"Unwritten books in my brain?" Yes, but also in how many other brains of quiet people, books unthought of, "In the Book and Volume" which will be read some day in Heaven, aloud, "When saw we thee?" Yes, and "When read we ourselves?"

My dear Susie, if I were to think really lost, what you for instance have new found in your own powers of receiving and giving pleasure, the beautiful faculties you have, scarcely venturing even to show the consciousness of them, when it awakes in you, what a woeful conception I should have of God's not caring for us. He will gather all the wheat into His garner.

* * * * *

INGLETON, 17th January (1878).

It's a charming post here, and brings me my letters the first thing in the morning; and I took care to tell nobody where I was going, except people I wanted to hear from. What a little busy bee of a Susie you've been to get all those extracts ready by this time. I've got nothing done all the while I've been away, but a few mathematical figures, and the less I do the less I find I can do it; and yesterday, for the first time these twenty years at least, I hadn't so much as a "plan" in my head all day. But I had a lot to look at in the moorland flowers and quiet little ancient Yorkshire farmhouses, not to speak of Ingleborough, who was, I think, a little depressed because he knew you were only going to send your remembrances and not your love to him. The clouds gathered on his brow occasionally in a fretful manner, but towards evening he resumed his peace of mind and sends you his "remembrances" and his "blessing." I believe he saves both you and me from a great deal of east wind.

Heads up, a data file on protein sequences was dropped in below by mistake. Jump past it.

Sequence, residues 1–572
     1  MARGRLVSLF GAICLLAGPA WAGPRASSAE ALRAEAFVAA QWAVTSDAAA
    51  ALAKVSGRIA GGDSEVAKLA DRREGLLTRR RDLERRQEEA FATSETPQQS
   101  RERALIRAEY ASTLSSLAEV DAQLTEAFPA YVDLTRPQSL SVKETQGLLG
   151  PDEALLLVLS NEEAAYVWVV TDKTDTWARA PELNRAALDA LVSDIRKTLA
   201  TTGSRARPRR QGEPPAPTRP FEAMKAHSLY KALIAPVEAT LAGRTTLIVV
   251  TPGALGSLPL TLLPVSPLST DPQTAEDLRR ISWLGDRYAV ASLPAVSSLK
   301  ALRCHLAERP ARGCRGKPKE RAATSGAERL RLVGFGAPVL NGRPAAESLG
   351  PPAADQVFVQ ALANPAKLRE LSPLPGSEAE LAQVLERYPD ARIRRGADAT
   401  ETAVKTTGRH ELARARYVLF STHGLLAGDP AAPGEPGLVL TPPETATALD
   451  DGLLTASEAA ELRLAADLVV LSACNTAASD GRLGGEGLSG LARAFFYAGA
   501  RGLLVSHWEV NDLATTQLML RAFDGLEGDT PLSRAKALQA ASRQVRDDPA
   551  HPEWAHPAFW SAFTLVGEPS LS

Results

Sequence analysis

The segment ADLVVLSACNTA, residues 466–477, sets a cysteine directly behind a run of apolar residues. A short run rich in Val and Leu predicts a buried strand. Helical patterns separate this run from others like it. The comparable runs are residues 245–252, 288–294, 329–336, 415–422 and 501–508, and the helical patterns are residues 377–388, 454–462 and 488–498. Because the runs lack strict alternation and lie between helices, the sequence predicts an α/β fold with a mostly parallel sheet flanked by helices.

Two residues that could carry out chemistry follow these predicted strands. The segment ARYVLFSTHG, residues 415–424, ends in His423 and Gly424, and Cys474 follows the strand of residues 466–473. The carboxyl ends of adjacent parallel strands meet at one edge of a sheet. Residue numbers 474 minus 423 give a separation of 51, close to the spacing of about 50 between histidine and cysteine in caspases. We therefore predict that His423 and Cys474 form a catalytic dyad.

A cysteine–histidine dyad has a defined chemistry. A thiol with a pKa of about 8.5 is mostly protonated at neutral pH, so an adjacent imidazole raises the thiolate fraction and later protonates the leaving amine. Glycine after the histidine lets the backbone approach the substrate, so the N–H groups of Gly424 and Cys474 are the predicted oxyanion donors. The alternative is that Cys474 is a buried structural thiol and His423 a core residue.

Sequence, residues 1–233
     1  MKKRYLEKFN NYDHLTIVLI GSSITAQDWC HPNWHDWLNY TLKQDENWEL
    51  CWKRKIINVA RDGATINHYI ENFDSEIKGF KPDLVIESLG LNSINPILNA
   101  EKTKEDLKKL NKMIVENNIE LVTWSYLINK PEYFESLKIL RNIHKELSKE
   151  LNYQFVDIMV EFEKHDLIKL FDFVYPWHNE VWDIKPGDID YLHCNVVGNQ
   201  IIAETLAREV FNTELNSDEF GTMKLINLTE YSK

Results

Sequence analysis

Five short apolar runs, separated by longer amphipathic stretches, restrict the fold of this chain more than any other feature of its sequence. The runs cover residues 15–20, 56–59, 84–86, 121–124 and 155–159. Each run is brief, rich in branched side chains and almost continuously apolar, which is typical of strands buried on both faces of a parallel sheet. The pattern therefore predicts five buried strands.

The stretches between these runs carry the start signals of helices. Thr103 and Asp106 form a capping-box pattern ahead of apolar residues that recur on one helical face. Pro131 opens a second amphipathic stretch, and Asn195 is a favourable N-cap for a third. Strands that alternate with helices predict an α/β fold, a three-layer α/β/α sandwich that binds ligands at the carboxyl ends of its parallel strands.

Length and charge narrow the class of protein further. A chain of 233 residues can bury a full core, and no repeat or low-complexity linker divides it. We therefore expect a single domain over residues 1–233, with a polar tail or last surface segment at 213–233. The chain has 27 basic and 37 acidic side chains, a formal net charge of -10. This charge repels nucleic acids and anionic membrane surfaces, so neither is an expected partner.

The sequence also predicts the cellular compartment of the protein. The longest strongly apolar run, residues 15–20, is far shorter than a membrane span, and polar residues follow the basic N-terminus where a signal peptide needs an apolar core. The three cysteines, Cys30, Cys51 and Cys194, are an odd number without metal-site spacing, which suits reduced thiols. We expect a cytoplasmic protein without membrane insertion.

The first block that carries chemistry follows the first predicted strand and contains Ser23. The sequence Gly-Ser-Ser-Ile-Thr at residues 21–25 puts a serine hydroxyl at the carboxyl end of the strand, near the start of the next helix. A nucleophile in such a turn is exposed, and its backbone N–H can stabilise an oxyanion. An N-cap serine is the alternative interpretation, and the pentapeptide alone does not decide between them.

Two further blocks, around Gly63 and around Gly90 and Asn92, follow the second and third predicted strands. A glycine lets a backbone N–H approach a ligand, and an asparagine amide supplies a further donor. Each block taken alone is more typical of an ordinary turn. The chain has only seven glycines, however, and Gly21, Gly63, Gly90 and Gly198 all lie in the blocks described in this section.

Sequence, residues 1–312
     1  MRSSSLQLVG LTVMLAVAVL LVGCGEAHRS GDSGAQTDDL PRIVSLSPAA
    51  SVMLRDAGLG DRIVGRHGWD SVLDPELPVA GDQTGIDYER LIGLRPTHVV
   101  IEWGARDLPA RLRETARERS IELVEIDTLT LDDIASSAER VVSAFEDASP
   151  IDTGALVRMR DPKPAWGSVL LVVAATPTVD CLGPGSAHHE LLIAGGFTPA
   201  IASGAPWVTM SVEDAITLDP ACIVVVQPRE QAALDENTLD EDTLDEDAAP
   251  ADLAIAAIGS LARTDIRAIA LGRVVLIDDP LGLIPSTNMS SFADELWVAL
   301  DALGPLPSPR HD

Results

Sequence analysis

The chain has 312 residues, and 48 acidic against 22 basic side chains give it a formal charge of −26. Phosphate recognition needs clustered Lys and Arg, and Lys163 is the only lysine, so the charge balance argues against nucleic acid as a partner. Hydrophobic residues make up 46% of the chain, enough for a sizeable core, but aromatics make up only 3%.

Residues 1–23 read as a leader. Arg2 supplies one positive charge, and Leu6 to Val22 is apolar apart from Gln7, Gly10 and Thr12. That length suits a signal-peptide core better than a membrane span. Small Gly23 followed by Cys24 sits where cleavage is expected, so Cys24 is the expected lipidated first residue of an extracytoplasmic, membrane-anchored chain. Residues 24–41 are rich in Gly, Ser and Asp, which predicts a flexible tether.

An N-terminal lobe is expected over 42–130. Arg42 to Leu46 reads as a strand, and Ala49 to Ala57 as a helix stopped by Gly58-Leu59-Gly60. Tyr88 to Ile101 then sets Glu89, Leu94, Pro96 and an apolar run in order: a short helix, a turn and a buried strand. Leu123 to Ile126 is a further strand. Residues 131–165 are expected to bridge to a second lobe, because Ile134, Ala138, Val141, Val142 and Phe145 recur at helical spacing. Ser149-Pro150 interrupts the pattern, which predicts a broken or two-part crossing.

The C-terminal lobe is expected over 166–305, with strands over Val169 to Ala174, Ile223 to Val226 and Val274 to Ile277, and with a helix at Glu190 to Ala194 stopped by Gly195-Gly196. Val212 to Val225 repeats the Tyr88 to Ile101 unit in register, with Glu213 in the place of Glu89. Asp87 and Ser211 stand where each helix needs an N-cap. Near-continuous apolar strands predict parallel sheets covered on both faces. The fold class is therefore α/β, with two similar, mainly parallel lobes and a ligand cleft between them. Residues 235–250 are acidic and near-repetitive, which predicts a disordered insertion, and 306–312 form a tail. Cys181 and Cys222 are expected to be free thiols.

Well, I've got a plan in my head this morning for the new extracts. Shall we call them "Lapides (or "Marmora") Portici"; and put a little preface to them about the pavement of St. Mark's porch and its symbolism of what the education of a good man's early days must be to him? I think I can write something a little true and trustworthy about it.

* * * * *

26th November.

I have entirely resigned all hope of ever thanking you rightly for bread, sweet odors, roses and pearls, and must just allow myself to be fed, scented, rose-garlanded and bepearled as if I were a poor little pet dog or pet pig. But my cold is better, and I am getting on with this botany; but it is really too important a work to be pushed for a week or a fortnight. And Mary and you will be pleased at last, I am sure.

I have only to-day got my four families, Clarissa, Lychnis, Scintilla, and Mica, perfectly and simply defined.[25] See how nicely they come.

A. Clarissa changed from Dianthus, which is bad Greek (and all my pretty flowers have names of girls). Petal jagged at the outside.

B. Lychnis. Petal divided in two at the outside, and the fringe retired to the top of the limb.

C. Scintilla. (Changed from Stellaria, because I want Stella for the house leeks.) Petal formed by the two lobes of lychnis without the retired fringe.

D. Mica. Single lobed petal.